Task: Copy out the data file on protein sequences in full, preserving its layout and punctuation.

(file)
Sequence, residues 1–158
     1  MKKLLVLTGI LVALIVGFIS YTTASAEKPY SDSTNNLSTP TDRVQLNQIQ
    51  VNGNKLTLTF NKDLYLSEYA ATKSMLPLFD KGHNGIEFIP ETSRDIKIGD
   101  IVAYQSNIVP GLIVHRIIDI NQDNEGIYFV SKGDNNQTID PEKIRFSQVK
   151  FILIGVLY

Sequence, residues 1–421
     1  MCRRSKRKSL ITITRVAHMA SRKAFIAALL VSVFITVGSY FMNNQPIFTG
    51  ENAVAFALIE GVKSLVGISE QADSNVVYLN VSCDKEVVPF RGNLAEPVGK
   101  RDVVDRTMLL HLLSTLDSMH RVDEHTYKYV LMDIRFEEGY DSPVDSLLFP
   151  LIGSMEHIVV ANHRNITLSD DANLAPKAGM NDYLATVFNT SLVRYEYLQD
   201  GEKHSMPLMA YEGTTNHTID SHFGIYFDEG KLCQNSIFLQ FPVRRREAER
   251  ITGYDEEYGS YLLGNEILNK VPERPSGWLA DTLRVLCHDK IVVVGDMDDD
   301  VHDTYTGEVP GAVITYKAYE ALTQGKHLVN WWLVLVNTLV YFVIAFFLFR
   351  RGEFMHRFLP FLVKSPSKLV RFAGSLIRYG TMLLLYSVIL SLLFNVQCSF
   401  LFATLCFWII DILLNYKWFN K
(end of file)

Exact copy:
Sequence, residues 1–158
     1  MKKLLVLTGI LVALIVGFIS YTTASAEKPY SDSTNNLSTP TDRVQLNQIQ
    51  VNGNKLTLTF NKDLYLSEYA ATKSMLPLFD KGHNGIEFIP ETSRDIKIGD
   101  IVAYQSNIVP GLIVHRIIDI NQDNEGIYFV SKGDNNQTID PEKIRFSQVK
   151  FILIGVLY

Sequence, residues 1–421
     1  MCRRSKRKSL ITITRVAHMA SRKAFIAALL VSVFITVGSY FMNNQPIFTG
    51  ENAVAFALIE GVKSLVGISE QADSNVVYLN VSCDKEVVPF RGNLAEPVGK
   101  RDVVDRTMLL HLLSTLDSMH RVDEHTYKYV LMDIRFEEGY DSPVDSLLFP
   151  LIGSMEHIVV ANHRNITLSD DANLAPKAGM NDYLATVFNT SLVRYEYLQD
   201  GEKHSMPLMA YEGTTNHTID SHFGIYFDEG KLCQNSIFLQ FPVRRREAER
   251  ITGYDEEYGS YLLGNEILNK VPERPSGWLA DTLRVLCHDK IVVVGDMDDD
   301  VHDTYTGEVP GAVITYKAYE ALTQGKHLVN WWLVLVNTLV YFVIAFFLFR
   351  RGEFMHRFLP FLVKSPSKLV RFAGSLIRYG TMLLLYSVIL SLLFNVQCSF
   401  LFATLCFWII DILLNYKWFN K